As soon as Evelyn “Li’l Evil” Calado stepped into the boxing ring, she was hooked.
“When I first got in there, I thought I’m never going to stop doing this again, I love it that much, it was kind of instant,” said the 22-year-old Calado.
“Li’l Evil” has high hopes to go provincial and then international
Currently Calado is focused on getting the fights she needs to make the provincials and is training to make the women’s Canadian boxing team.
“[In five years] I want to be on that international stage. I am too late for the 2016 Olympics,” said Calado. “The Olympics would be the next step, maybe in 2020.”
Fighting stereotypes in the face of family and friends
Her family and friends didn’t have quite the same reaction to the sport.
“They still have a hard time believing that this is what I love doing,” she said.
Calado believes that the negative portrayal of boxing in the media is part of the problem.
“It’s a lack of knowledge about the sport,” she said. “It’s much more skill based, than a violent sport as deemed by society,” she said.
Locally trained Calado has sights set on boxer Rosalia Calla
Calado started boxing three years ago at Astoria Boxing Club soon to be Eastside Boxing located on Commercial and Hastings Street.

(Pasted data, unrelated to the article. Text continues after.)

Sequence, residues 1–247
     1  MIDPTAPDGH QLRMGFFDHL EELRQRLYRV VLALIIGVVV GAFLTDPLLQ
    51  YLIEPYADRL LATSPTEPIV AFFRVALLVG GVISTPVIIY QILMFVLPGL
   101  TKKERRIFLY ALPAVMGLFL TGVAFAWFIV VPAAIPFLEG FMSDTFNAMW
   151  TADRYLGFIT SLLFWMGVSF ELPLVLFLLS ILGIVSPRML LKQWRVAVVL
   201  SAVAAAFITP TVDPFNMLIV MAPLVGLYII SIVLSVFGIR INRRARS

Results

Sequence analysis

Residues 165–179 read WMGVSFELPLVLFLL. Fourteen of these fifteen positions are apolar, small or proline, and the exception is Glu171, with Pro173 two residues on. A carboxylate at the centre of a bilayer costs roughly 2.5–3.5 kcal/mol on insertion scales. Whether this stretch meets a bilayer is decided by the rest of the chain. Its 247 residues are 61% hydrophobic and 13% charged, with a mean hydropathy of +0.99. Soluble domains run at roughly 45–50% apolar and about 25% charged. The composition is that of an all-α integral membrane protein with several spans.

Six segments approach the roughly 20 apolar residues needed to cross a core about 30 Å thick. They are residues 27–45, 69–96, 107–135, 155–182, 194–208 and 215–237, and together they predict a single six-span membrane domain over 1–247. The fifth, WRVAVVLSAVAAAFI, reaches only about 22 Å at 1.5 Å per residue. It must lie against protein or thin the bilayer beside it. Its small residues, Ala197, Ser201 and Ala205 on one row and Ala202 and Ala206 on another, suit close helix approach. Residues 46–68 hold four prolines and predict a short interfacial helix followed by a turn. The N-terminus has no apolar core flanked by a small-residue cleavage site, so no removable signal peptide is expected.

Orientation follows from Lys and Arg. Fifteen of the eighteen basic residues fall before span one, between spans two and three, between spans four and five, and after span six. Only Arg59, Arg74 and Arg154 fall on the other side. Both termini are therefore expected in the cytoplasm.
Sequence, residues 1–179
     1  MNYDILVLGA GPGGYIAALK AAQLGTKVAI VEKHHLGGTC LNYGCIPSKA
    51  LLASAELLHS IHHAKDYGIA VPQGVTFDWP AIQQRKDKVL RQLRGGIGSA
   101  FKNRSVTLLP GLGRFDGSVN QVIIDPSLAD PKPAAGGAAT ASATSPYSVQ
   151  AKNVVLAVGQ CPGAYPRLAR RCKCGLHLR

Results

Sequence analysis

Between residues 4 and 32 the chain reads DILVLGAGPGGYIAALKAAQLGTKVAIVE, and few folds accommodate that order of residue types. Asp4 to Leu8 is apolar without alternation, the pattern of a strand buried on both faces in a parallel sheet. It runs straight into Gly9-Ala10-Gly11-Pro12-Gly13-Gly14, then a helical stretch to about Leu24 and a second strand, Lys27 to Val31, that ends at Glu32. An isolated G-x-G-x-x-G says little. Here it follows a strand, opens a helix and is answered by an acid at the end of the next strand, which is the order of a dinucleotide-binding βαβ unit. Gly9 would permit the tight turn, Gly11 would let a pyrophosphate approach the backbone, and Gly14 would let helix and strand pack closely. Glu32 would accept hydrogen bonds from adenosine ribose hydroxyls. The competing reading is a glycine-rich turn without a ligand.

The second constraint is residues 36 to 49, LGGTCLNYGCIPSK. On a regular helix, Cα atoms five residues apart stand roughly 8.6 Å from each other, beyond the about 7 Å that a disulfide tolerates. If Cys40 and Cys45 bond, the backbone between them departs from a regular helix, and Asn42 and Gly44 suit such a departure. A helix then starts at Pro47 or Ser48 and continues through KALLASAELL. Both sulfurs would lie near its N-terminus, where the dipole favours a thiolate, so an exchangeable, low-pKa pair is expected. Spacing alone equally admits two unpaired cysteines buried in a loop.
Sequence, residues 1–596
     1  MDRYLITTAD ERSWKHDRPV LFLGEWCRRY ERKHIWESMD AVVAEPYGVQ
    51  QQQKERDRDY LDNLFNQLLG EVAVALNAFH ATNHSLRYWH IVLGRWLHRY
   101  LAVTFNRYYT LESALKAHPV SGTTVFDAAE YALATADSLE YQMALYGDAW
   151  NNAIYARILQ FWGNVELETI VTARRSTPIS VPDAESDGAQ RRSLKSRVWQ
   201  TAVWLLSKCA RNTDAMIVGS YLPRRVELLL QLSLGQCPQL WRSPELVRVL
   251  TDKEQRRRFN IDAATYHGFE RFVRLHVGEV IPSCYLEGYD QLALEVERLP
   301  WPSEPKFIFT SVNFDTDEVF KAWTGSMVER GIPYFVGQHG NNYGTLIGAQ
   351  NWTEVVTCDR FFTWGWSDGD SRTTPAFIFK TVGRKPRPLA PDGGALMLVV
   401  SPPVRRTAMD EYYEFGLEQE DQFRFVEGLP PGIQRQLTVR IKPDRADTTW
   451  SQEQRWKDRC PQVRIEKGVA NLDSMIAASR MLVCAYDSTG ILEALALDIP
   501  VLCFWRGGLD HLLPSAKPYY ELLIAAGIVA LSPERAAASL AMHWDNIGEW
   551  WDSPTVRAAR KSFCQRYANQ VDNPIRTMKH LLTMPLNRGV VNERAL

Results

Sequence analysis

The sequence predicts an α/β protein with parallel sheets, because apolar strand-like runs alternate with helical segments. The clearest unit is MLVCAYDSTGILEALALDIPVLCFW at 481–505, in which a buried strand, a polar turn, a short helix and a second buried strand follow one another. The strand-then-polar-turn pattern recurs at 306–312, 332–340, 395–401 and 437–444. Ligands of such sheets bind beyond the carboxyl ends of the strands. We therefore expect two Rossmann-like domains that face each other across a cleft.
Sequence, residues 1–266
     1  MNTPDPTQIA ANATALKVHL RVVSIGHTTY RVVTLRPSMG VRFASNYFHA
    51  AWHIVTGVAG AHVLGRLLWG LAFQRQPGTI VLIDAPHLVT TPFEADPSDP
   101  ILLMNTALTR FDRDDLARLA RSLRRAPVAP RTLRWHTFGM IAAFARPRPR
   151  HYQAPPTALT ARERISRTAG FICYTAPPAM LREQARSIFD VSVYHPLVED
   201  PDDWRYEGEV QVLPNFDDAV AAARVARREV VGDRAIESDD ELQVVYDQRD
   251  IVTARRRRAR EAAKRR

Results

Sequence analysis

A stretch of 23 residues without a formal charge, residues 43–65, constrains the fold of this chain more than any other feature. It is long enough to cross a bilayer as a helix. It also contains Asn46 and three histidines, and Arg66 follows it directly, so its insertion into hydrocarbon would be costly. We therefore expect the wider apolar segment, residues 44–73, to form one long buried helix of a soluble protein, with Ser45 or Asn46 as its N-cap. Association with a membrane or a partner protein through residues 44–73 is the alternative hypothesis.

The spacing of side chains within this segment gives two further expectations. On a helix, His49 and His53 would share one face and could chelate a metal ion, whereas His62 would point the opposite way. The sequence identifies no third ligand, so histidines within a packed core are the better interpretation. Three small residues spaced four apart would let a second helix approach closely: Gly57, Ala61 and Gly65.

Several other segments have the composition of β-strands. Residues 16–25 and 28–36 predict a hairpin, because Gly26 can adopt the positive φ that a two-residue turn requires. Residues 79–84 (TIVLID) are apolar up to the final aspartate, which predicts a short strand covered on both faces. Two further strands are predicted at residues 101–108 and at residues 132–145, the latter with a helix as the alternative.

Calado is currently training with David Schuck who started boxing competitively in 1986 and has been coaching amateur and professional boxers for over ten years.
“He works locally, I found him and it was awesome,” Calado said.
‘Lil Evil’ sees a bright future for herself in the sport of boxing.
“I know the girl I need to beat, I have fought her in an exhibition fight,” Calado said.
Calado needs to defeat Rosalia Calla, the current women’s B.C. Amateur Boxing Champion, to make it on the B.C. provincial team.
Calado will be contending with Calla next fall.
Challenge to find challengers in her class-weight
So far she has only had three fights but Vancouver has a small pool of women boxers especially in Calado’s weight category.
“Most females are in the 125 pound class, I fight at 106 pounds, it’s not easy to find competition,” said Calado.
“In B.C. on the west coast there is not much competition.
“A majority of my fights will be in the interior and down in the states,” she said.
Calado is charging straight ahead towards the national championships.
Once she climbs that hurdle, the world of boxing will open up many doors.
“Once you reach nationals they run training camps and I’m opened up to international competition,” she said. “When you get to that national level, it opens up a lot of doors to sponsorship and fights.”
Reported by Tanya Hill
Listen to Calado tell reporter Tanya Hill about her family’s reaction to her sport and the media’s negative portrayal of boxing.